Peru’s tourism capital emerging from Covid-19’s long shadow

By Fernando Gimeno

Cuzco, Peru, Nov 5 (efe-epa).- The coronavirus pandemic has exacted a heavy toll on Cuzco, the gateway to the Inca citadel of Machu Picchu and Peru’s tourism capital, where deserted streets, empty restaurants and closed stores are a testament to Covid-19’s devastating economic impact.

But a light is now visible at the end of a dark tunnel in that southern highland city, which endured one of the country’s longest lockdowns and now is trying to adapt and bring back international tourism under strict biosafety protocols.

Prior to the pandemic, Cuzco’s historic center was a hotbed of international tourists who wandered its narrow, cobble-stoned streets lined with Inca walls and colonial homes featuring a mixture of pre-Columbian and Spanish styles.

But a strange calm now reigns in Plaza de Armas, Cuzco’s main square, where the statue of 15th-century Inca ruler Pachacuti looks up toward the Fortress of Sacsayhuaman, an archaeological park located at an altitude of 3,555 meters (11,663 feet) above sea level.

A small number of tourists have started returning to Cuzco, most of them Peruvians attracted by the low cost of domestic flights and free admission to Machu Picchu, which was reopened to tourists at reduced capacity on Sunday.

Although demand is still low, operators providing tours of the city and the surrounding region arrive at dawn at Plaza de Armas in hopes of attracting customers.

“We see the square empty and we miss not seeing foreign tourists. At least now we’re starting to get some domestic tourists,” Lisdi Arenas, who works for the Machupicchu Extremo agency, told Efe.

“It’s hard for us not seeing them and a little sad not to share with them. It’s a shame because we’re from here, prior to devoting ourselves to this. We’ve always seen tourists,” she said.

Foreign tourism is responsible for transforming Cuzco’s historic center into a cosmopolitan neighborhood, a place where scores of languages are heard on the streets and nightlife lasts until the wee hours of the morning.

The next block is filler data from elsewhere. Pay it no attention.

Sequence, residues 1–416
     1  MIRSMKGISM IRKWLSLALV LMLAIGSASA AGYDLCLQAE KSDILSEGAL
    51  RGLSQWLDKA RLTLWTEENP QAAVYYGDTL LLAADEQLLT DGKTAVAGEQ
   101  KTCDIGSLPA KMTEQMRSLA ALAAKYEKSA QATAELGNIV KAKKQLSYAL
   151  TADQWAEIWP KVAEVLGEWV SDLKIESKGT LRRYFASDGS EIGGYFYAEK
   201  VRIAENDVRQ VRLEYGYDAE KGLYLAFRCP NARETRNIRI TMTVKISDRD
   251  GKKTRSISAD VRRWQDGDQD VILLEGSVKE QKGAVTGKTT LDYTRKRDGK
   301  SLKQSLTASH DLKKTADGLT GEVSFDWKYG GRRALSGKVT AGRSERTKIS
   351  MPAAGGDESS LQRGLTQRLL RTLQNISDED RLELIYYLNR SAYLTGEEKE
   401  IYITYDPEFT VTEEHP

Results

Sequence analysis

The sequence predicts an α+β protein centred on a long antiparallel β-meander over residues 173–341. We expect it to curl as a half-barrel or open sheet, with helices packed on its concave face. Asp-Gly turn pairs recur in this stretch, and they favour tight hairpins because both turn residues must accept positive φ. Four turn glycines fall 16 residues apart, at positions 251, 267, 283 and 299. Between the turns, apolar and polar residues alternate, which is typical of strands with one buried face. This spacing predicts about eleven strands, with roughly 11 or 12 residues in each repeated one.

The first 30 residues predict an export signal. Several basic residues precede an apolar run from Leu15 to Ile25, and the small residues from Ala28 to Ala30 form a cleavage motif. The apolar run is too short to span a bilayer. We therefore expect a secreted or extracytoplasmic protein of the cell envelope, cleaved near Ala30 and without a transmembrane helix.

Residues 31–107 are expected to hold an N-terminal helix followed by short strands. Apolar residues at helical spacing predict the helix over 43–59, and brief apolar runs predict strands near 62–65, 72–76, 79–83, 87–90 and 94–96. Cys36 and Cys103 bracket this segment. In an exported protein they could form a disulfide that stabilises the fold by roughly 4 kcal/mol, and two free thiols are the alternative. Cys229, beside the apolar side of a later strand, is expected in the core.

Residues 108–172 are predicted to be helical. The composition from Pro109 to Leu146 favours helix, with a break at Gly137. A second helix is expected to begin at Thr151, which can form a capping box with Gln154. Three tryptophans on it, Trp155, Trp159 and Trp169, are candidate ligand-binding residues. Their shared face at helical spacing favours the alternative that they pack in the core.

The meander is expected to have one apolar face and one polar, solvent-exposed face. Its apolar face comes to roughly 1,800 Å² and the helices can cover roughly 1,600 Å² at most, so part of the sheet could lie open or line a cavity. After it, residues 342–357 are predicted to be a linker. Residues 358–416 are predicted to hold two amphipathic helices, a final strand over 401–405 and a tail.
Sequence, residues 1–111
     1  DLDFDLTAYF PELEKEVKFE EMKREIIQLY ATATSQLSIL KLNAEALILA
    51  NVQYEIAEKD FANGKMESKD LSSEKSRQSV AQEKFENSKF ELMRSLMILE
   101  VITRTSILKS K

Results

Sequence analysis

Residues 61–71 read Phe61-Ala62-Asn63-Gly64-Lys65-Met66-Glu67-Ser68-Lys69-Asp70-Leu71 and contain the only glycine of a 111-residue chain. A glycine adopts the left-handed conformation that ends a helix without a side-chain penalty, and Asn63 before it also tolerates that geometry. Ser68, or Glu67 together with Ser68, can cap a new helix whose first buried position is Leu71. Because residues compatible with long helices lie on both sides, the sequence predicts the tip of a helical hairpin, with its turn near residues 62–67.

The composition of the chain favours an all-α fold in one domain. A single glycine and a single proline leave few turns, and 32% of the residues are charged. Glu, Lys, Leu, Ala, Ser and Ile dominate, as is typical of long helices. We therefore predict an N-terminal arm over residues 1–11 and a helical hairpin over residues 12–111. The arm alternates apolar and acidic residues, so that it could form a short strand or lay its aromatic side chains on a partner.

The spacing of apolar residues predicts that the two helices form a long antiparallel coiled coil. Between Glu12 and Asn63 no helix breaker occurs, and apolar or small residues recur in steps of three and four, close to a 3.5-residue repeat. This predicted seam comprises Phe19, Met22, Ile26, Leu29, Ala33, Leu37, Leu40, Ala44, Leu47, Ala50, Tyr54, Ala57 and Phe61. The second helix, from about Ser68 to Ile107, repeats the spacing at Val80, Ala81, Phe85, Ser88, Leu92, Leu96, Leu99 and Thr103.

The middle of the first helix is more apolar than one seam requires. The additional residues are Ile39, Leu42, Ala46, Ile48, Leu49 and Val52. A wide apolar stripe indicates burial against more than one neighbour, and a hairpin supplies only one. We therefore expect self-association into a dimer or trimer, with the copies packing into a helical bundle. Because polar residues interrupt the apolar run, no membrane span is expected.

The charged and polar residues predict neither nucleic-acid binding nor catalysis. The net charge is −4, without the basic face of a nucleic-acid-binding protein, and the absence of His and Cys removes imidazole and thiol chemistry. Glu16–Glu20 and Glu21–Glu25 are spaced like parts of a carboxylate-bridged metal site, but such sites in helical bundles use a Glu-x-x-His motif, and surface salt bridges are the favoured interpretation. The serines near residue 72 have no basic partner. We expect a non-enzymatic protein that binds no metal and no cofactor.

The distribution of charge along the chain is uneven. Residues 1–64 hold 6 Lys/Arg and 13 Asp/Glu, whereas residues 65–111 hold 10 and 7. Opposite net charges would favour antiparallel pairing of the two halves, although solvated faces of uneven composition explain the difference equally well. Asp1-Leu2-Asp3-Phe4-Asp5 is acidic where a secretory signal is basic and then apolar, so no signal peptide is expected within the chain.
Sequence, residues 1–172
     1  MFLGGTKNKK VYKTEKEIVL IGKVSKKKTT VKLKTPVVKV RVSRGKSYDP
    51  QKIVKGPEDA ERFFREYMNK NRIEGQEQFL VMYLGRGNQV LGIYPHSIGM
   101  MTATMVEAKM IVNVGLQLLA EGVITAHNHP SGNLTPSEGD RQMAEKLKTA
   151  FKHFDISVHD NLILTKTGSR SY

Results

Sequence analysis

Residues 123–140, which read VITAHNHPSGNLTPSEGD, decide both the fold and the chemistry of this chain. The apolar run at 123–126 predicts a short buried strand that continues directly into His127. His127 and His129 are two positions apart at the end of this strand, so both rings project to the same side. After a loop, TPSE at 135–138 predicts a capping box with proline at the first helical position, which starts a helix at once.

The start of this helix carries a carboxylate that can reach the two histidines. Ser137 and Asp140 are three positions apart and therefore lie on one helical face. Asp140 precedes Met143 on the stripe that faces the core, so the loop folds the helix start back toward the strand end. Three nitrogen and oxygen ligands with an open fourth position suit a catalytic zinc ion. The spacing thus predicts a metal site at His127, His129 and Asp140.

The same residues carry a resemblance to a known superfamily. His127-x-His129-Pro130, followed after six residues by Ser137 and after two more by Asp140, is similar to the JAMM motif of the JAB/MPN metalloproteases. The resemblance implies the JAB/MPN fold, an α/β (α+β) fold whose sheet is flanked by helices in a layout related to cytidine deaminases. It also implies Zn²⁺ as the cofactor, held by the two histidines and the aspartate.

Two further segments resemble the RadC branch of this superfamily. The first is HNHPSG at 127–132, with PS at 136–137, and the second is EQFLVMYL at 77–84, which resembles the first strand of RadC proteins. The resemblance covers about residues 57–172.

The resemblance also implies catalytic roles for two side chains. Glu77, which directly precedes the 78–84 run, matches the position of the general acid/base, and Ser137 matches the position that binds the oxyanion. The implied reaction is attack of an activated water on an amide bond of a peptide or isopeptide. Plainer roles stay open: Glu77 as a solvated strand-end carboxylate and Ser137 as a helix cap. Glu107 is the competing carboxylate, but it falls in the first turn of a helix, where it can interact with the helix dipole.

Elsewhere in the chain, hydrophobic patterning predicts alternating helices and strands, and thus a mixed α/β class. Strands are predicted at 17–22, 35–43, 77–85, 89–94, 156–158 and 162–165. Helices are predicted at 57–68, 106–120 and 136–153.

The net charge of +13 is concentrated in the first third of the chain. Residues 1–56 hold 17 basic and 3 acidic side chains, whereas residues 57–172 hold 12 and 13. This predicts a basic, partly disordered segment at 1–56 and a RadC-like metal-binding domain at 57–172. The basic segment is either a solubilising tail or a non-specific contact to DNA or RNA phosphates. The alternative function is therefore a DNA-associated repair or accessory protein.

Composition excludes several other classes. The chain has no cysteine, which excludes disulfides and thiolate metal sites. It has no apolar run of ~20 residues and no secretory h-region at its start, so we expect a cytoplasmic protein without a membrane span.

“They can come and learn a bit more about our history, with total assurance that they’ll be well received and taken care of,” said Arenas, who wore two face masks for additional protection while speaking to Efe.

Alternate routes are being used for the tours because several regional tourist spots – such as the famed Vinicunca (Rainbow Mountain) – are closed to visitors for the time being.

Cuzco has been making preparations in recent weeks to receive tourists under “new normal” conditions, including disinfection protocols and capacity restrictions at restaurants and tourist sites to maintain social distancing.

It got a boost when it became the first Peruvian city to receive the “Safe Travels” seal from the World Travel & Tourism Council, a certification of the Andean nation’s adherence to Covid-19 protocols.

“The commitment of (tour operators) and the population is very important. That’s the only way we’ll be able to give visitors the confidence to arrive and get to know this beautiful city’s innumerable tourist attractions,” Foreign Trade and Tourism Minister Rocio Barrios said last month in celebrating the awarding of that global safety and hygiene stamp at a ceremony outside Qoricancha, Cuzco’s main Inca temple.

That same seal also has been awarded to Machu Picchu and the Sacred Valley of the Incas, the two main tourist attractions for visitors arriving in Cuzco.

Peru reopened its borders for international flights in October, and regular routes from practically all countries in the Americas have gradually resumed. Resumption of regular air travel links with Europe, for which no date has yet been set, is presumably the next step.

The Andean nation’s Covid-19 protocols for international tourists include a mandatory negative PCR test result dated no more than 72 hours prior to the flight and a sworn statement from the visitor indicating an absence of coronavirus symptoms.

Peru has been one of the countries hardest hit by the pandemic with 900,000 confirmed cases, more than 34,000 deaths attributed to Covid-19 and a case fatality rate of 105 per 100,000 inhabitants that is one of the world’s highest. EFE-EPA


Related Articles

Back to top button